Wrote this back in June of 2017, and the news of Seattle Mariners second baseman Robinson Cano flunking a drug test makes this even more relevant.
Cano will serve an 80-game suspension for violating the terms of the brokered agreement between MLB and the powerful MLBPA.
He issued some lame statement where he tried to deny he knowingly took a banned substance, which by now no one should believe.
The MLB players are the ones who for years brazenly took whatever drug they could find in an effort to improve performance with no disregard to a single consequence. They are the ones whose lawyers fought for no testing, and then some testing, and now they deal with the issue that their credibility when it comes to this issue is trash.
Cano's suspension brings to mind this column I wrote in late June of last year, where I basically raised the white flag because I don't believe any of them.
A former Major League Baseball trainer is fairly certain that ballplayers are using steroids again.
“That’s if they ever really stopped,” the trainer, who worked for more than 10 seasons with a big league ballclub, recently told me. “It wouldn’t surprise me.”
Established guys like Toronto Blue Jays first baseman Justin Smoak protest otherwise.
“People wouldn’t feel that way if they knew how often we are tested,” Smoak told me last week. “We’ve had blood drawn already this season and urinalysis, too. I don’t know how many times already, but it’s a lot.
“As players, it is something we fought for — to get the bad stuff out of the game.”
Just because we don’t have a Mark McGwire vs. Sammy Sosa home run chase that is sponsored by MLB and fueled by a syringe doesn’t mean we are not witnessing another historic home run pursuit in 2017.
“They’ve moved the fences in,” Rangers manager Jeff Banister said last week. “San Diego, Detroit, Houston … I don’t have any earth-shattering theories. I just think we are ahead of the pace this year than years past.”
Yeah … no. I’m not buying it’s the ball, either.
“I know people say it’s the ball, but when I pick it up it feels the same to me,” Smoak said.
It’s not the park, the ball, the bats, the increased indifference to strikeouts, the fact pitchers throw faster or that the batters swing harder. Baseball has taught us it’s not in the bats or the balls but in the bottle.
McGwire and Sosa went on their testosterone-aided tear in 1998, and nearly two full decades later we have come full circle. That’s after lengthy suspensions for drug use were put in place in 2005 and human-growth hormone blood testing was added in 2012.
Baseball is on a record pace for home runs in a season (2,883 entering Monday’s games). Despite the testing and increased awareness about the perils of PEDs, too much has happened since 1998 for us to believe this is clean.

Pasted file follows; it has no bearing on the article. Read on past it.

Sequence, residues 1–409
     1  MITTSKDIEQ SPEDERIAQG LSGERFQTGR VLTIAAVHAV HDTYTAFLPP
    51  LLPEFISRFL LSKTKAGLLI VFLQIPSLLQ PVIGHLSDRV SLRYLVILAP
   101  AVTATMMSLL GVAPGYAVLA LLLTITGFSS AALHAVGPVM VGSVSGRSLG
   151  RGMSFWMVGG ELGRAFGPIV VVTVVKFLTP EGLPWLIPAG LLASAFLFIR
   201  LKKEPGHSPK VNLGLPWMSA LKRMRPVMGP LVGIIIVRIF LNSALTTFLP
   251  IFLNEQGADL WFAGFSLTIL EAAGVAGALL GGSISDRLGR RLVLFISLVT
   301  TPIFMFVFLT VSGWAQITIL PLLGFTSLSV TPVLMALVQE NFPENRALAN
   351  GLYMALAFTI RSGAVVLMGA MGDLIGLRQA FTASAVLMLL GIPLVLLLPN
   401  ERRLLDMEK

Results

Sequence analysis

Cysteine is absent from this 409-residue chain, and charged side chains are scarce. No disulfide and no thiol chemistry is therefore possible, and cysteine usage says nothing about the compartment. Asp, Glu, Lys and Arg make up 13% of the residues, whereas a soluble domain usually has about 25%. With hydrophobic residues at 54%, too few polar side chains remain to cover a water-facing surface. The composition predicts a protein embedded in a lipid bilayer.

Sports would be wise to consider permitting limited performance-enhancing drug use administered by a physician.
Bob Ward, who was the Dallas Cowboys’ strength and conditioning coach from 1976-89, argued for the use of approved steroids in “Building the Perfect Star,” a book I wrote with him in 2015. He likened steroids to aspirin, hormone replacement therapy or any other prescription medication.
“They work,” Ward told me. “I am not a medical doctor, and anything I’ve said is only my opinion based on the medical literature. Let’s have the medical experts make the decision when to prescribe hormone replacement or enhancements.”
If steroids are used as an aid to recovery, I agree with Ward. If a doctor administers steroids, they can be kept at a safe level.
Peter Snell, an Olympic gold-medal middle-distance runner from New Zealand in the 1960s who was a researcher at UT Southwestern for decades, told me he does not believe drug-testing works.
Whether it’s Lance Armstrong, Barry Bonds, Ryan Braun, Rafael Palmeiro, Manny Ramirez or the entire Russian Olympic team, we are numb to historic feats of strength being achieved with the use of a steroid or two or 10.
All of the hallowed records have been broken. As a sports society, we simply no longer care what these guys are doing. The past two generations have crushed the myth of the clean athlete.
The money is too big to ignore, the scientists too good to be busted by testing that is always a step behind, and the consequences of being caught are not punitive enough.
In 2013, Rangers’ outfielder Nelson Cruz was suspended for 50 games by MLB for his role in the Biogenesis scandal. The following off-season, he agreed to a one-year, $8 million deal with the Orioles.
After hitting 40 home runs and finishing seventh in the AL MVP voting in 2014, Nelson signed a four-year, $57 million deal with the Mariners.
Brewers’ outfielder Ryan Braun also caught up in the Biogenesis scandal and suspended for 65 games. This was after he repeatedly and indignantly denied drug use. No matter, Braun was still due $128 million after he completed his suspension. He’s still in the bigs.
For guys who realize they will never be in the National Baseball Hall of Fame, the chance for generational, life-altering wealth is a no-brainer risk to take. Who doesn’t make this trade?
But I don’t like the effect that approved PED use would have on teenagers. Adults know the risks. Teens have no idea and are naive enough to try steroids when their bodies are not yet fully developed.
Perhaps if baseball allowed a moderate level of PEDs, administered and prescribed by an independent physician, it would reduce the rampant use that our gut tells us continues despite the testing, the protesting and the denying.
By now we know it’s not the balls or the bats, but the bottles.